After running the statistical analysis of some 5,450 images of 25 mammals and one terrestrial bird species photographed throughout the park, the Wildlife Picture Index showed a net decline of 36 percent of the park's biodiversity. In addition, the analysis revealed that wildlife loss outpaced the rate of deforestation; and that large, commercially valuable wildlife such as tigers, rhinos, and elephants declined faster than small primates and deer, which are only hunted only as crop raiders or for subsistence.
The authors not only believe the WPI can be used to assess biodiversity in large ecosystems throughout the world, it can also help redefine how camera traps have been used for wildlife conservation.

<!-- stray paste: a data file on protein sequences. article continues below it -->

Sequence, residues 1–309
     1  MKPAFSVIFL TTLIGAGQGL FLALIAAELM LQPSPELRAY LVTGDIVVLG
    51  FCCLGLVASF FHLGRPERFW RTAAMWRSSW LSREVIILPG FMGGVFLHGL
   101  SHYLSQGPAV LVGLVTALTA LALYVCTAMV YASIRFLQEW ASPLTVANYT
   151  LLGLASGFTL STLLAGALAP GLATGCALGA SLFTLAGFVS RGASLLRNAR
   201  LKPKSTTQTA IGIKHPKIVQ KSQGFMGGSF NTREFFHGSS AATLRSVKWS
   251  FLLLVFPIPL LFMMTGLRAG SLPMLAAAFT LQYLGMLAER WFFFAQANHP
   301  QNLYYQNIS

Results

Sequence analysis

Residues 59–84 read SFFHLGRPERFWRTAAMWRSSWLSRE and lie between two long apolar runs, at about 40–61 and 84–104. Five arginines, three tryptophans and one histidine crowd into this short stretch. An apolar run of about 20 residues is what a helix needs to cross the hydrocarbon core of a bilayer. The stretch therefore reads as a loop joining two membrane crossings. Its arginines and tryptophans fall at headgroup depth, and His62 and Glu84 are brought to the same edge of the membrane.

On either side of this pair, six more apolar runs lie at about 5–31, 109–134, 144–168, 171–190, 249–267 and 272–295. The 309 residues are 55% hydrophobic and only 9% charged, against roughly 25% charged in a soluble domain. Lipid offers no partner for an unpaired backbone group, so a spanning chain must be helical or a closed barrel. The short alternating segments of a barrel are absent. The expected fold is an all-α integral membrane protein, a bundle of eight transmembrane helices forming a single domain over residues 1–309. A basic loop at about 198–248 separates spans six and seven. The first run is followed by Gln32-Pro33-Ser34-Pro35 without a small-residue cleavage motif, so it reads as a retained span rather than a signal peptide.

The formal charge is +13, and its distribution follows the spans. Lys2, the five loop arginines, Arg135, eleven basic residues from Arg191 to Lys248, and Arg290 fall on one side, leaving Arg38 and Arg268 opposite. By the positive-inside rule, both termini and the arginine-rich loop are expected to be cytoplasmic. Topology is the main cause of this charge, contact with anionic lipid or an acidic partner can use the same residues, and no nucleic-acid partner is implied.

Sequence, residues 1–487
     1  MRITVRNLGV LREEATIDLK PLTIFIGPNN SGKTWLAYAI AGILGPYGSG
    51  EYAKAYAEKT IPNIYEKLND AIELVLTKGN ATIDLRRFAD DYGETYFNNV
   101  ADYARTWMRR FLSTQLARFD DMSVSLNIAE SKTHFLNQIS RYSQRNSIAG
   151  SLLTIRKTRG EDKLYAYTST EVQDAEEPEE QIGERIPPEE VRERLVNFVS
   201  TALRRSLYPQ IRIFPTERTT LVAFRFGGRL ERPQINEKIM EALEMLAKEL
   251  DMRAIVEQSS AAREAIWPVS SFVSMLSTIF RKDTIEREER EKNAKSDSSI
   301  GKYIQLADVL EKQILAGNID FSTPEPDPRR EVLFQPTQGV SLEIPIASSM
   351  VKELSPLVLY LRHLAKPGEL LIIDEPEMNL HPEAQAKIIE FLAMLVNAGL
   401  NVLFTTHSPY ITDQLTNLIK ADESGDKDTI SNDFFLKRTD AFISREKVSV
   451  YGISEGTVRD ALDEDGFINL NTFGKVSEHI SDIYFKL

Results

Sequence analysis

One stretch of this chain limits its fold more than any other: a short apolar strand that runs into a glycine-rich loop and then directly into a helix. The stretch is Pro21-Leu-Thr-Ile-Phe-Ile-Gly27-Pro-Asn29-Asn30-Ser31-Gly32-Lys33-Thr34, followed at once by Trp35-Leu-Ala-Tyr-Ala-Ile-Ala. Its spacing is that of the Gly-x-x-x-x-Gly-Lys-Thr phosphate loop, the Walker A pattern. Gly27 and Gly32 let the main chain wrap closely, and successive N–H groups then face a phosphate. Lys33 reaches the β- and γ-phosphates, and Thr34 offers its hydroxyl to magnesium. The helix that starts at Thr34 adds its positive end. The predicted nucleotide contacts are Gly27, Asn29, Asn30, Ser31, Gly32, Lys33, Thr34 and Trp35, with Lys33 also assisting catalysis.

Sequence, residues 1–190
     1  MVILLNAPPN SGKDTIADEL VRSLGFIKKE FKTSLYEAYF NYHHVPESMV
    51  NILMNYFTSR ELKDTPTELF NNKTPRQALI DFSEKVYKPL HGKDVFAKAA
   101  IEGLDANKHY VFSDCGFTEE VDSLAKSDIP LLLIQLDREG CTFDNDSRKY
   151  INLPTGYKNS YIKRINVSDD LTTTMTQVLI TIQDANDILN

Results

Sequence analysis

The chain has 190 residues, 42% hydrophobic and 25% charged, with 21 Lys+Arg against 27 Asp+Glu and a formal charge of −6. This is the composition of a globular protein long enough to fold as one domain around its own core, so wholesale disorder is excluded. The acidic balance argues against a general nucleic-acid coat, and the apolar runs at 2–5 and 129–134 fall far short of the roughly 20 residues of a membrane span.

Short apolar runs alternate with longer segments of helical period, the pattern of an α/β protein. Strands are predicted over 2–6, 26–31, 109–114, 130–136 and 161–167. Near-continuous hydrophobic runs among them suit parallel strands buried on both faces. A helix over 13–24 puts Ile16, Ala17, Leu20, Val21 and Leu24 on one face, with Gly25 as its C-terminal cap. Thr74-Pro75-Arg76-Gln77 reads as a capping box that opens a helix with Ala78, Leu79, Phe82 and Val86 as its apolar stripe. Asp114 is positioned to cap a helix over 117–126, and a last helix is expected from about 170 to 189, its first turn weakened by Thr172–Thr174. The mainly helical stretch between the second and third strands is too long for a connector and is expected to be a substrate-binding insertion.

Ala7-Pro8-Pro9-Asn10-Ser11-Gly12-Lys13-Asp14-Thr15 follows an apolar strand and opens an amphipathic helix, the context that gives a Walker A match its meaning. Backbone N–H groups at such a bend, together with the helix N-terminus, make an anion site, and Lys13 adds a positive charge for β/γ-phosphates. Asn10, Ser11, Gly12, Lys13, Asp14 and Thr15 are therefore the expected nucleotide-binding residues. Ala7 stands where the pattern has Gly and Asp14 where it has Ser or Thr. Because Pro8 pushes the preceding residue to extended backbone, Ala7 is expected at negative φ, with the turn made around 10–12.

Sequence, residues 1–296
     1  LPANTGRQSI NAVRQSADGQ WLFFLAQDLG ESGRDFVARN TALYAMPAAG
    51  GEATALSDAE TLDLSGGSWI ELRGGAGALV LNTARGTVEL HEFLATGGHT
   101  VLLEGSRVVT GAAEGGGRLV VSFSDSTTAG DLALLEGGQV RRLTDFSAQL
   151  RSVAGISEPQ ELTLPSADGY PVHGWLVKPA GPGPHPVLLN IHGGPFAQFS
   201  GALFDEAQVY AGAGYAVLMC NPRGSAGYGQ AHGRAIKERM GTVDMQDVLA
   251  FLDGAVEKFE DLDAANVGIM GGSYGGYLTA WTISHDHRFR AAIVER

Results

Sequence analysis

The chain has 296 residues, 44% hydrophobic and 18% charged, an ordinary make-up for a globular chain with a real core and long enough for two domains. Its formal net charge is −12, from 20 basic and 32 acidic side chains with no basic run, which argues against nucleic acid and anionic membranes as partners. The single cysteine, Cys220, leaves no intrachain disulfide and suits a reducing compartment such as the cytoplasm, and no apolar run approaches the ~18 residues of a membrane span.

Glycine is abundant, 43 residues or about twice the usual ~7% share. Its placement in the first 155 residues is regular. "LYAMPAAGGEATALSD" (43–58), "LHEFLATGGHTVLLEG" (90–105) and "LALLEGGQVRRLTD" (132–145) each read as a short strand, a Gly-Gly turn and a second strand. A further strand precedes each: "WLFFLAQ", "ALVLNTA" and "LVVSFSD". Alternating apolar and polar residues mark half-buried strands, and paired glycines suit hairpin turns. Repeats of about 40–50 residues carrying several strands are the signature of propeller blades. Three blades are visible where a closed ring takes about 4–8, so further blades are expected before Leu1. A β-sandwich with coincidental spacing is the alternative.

"The Wildlife Picture Index will allow conservationists to accurately measure biodiversity in areas that previously have been either too expensive, or logistically prohibitive," said John Robinson, WCS Executive Vice President for Conservation and Science. "We believe that this new methodology will be able to fill critical gaps in knowledge of wildlife diversity while providing much-needed baseline data to assess success or failure in places where we work."
"We expect that the Wildlife Picture Index can be implemented and maintained as a relatively low cost per species monitored and provide important insights into the fate of rainforest and savannah biodiversity," O'Brien said.
|Contact: Stephen sautner|
Wildlife Conservation Society